At Tullamore Farm, we are setting out actions to make the farm more sustainable in every sense of the word. Actions taken to work in harmony with the environment can help to reduce input costs.
The actions are outlined in this feature. Some are in progress, while others have yet to be tackled, but will be a priority for the farm over the next year. Not all will be met immediately, but the actions will be undertaken and contribute to decision-making on the farm.
Locally sourced grain cuts food miles and supports the local tillage industry, which has a low carbon footprint compared with many of the countries which we import some of the current ingredients for rations from. We will implement this gradually and in some diets.
Clover has the ability to fix nitrogen which can result in the application of less artificial fertiliser. Clover content will be increased by stitching in, inclusion in reseeds and lowering artificial nitrogen application rates.
Legislation requires less nitrogen use and reduced fertiliser use can decrease input costs while maintaining grass yields where clover is included.
There is a small wet area or pond on the farm. It is fenced from livestock but needs to be cleaned up to improve water quality. The roadway beside it may need to be cambered and a hedgerow planted to provide a sediment trap. This is planned for autumn 2021.
By increasing clover content and planting some multispecies swards, we should be able to reduce artificial nitrogen (N) use. Also, by moving to protected N, fewer emissions should be released and so less can be applied. In 2020, 167kg of N was applied per hectare on the farm.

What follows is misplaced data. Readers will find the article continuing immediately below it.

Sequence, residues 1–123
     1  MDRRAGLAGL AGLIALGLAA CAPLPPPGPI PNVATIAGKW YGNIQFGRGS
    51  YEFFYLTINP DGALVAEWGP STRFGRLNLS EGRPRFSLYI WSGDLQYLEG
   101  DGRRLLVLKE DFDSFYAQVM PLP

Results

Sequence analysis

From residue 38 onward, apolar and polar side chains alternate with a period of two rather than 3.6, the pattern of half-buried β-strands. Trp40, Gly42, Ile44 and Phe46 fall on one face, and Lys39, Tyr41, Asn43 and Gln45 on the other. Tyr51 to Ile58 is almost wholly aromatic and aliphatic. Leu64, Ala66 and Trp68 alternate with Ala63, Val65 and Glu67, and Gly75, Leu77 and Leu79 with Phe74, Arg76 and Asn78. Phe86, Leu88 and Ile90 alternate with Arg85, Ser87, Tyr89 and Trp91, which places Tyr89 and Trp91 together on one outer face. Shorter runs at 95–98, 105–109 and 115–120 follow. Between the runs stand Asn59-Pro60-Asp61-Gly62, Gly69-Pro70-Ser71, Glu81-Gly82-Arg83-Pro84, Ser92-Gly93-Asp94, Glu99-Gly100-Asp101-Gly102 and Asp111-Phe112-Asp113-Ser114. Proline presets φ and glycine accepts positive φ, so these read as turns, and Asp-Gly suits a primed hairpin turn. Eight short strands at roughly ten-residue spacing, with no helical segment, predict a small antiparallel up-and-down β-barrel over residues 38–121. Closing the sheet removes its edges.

A multispecies sward will be established this autumn. The significant proportion of leguminous plants require very little nitrogen fertiliser. A mix in root types can improve soil health, while the mixture of plants has been shown in research at UCD to improve animal performance and health.
Cutting hedgerows every three years or cutting one side one year and the top of the hedge the next ensures flowering plants on the farm each year. Maintaining hedgerows also provides shelter for stock and habitats for different wildlife.
Last week, we published results of some soil carbon tests taken from three fields. By taking carbon samples continually, we will monitor changes and be prepared for a time when carbon credits can be traded. We are modelling the carbon equivalent emissions from the farm. The aim is then to reduce these emissions and increase storage over time through the actions outlined in this plan.
We have left 0.2ac for wildlife and are planting this with grasses and native Irish wildflowers. As well as margins and space between fences and watercourses, there are plenty of wildlife corridors. Bird and bee boxes will be established, and a local beekeeper has been contacted about placing some hives on the farm. Woodlands are fenced off from farm animals.
Tullamore Farm is constantly striving to improve genetics of the herd, resulting in more efficient animal performance.